Sunday’s twilight grand final between Melbourne City and Sydney FC pits two teams with historically stark differences in their levels of success up against each other.
The A-League has learned the hard way that producing attractive and entertaining football does not always get people through the gates.
Last season’s average attendance was the lowest since the 2011-12 season, manifesting the growing fatigue among fans with the league’s stagnation.
While the derbies in Sydney and Melbourne during the opening rounds produced a combined attendance of over 105,000, the excitement had well and truly diminished by the time everyone had played each other twice.
One may argue that maintaining such fan excitement under the current format remains a task too arduous – enter the guest marquee.
The Guest Player is a concept the FFA have continued to endorse since the league’s inception, allowing the league to benefit from a marketing perspective while simultaneously improving the leagues quality and professionalism.
Currently A-League clubs are permitted to spend an unlimited amount on a Guest Player who is restricted to a maximum of playing 14 matches.
The FFA should be doing be its utmost to encourage clubs to embrace the guest player concept as well as promoting the Australian lifestyle on offer as a means of luring guest players for a suitable duration of time.
The league’s continuation over the December/January period potentially acts as a significant drawcard to big name players, particularly those en route to leagues such as the MLS or China who have their off-season during this time.
Given that these leagues have deeper pockets and will continue to sway big name stars, the newly implemented full season guest spot is almost out of the question. The more viable alternative is for the FFA to encourage a eight to 14 guest match appearance.
Clubs acquiring the services of a guest marquee is nothing new. The recruitment of David Villa and Romario remains fresh in the minds of fans, however neither had the impact the FFA would have hoped for due to only playing four matches each.
The recruitment of a guest marquee, particularly during the January window, the overall interest in football can be reinvigorated with fans being incentivised to tune in more frequently as well as attending matches.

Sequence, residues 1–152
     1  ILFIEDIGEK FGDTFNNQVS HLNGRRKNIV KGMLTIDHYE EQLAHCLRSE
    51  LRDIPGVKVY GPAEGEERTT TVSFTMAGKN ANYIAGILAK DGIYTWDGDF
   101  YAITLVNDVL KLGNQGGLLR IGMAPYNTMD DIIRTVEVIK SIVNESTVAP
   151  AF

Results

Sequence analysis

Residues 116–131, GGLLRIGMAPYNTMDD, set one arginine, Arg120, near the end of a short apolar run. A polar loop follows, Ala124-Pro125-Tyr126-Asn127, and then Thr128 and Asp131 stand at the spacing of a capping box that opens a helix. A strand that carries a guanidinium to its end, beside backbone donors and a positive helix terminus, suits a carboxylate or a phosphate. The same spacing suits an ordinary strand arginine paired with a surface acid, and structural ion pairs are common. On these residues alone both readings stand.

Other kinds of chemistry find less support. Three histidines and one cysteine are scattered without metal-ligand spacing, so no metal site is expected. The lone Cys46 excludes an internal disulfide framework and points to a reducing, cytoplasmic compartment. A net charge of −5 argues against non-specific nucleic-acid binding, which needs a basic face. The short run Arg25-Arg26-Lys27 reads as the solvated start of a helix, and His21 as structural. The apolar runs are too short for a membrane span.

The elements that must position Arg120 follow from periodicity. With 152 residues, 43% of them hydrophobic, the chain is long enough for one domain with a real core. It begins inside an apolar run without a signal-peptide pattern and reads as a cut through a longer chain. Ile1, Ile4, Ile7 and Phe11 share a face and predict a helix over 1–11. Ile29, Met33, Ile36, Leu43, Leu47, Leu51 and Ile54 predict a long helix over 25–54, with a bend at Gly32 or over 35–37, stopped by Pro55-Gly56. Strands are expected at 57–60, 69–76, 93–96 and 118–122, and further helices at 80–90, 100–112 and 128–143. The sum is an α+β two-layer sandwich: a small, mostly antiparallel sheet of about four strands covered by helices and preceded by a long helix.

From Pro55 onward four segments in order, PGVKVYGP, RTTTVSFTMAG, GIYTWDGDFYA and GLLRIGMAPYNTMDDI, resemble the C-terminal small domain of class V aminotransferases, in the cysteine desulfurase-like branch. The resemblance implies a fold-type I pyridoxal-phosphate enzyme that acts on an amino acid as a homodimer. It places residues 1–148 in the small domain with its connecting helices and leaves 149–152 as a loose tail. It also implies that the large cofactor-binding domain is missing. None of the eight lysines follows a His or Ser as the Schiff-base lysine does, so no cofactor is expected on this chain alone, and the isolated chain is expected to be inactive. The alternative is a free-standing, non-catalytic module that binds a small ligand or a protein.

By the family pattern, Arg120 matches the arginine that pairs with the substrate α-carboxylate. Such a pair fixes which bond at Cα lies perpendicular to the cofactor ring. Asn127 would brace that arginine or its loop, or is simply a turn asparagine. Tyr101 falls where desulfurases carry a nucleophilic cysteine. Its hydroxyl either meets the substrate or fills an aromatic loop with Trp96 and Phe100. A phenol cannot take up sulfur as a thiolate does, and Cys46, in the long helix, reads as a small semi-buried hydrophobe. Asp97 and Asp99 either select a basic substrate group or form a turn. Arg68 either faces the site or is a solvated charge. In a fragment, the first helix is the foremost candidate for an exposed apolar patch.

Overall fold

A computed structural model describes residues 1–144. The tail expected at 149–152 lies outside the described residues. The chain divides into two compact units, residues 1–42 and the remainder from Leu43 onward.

Imagine the pandemonium should Steven Gerrard or Frank Lampard come Down Under for ten matches? Not only would this allow the FFA to go all guns blazing with marketing schemes but it also exposes home grown talent to players of a higher calibre, amplifying their improvement and ultimately bridging the gap between the A-League and the international leagues.
In addition, the overall excitement in the league can be prolonged into the weeks where interest begins to dwindle.
The A-League has succeeded in the past in attracting quality foreign players in their prime who have had a significant impact in the competition.
So why should clubs recruit stars well past their prime when they can pluck a Besart Berisha, Thomas Broich or a Marc Janko?
The answer lies in the guest marquee’s ability to draw the interest of the masses and the mainstream media.
The foreign players inserted into the league have had a greater impact than any guest player ever will, but ultimately fail in drawing the interest of football fans who may not have an invested interest in the A-League.
This concept in the contemporary A-League can only work should the players stay for a prolonged period of at least eight matches, allowing the league the opportunity to attract and maintain the interest of fans.
The financial stability of the clubs needs to also be accounted for. While the recruitment of a guest player can increase attendances, it needs to ensure that it equally has a positive effect on team performances. Albeit a guest marquee could provide something new to clubs deprived of success for several years, helping them take the required steps to break the glass ceiling.
We have never had a shortage of entertaining football in Australia and given the vast improvement since the A-League’s inception it is quite underwhelming to see a stagnation in attendances.
Thus, the recruitment of guest marquees could prolong the increased attendances witnessed during the beginning of the season.
These higher calibre players could hence be a catalyst in exposing the A-League to a new generation of fans who may just decide to stick around.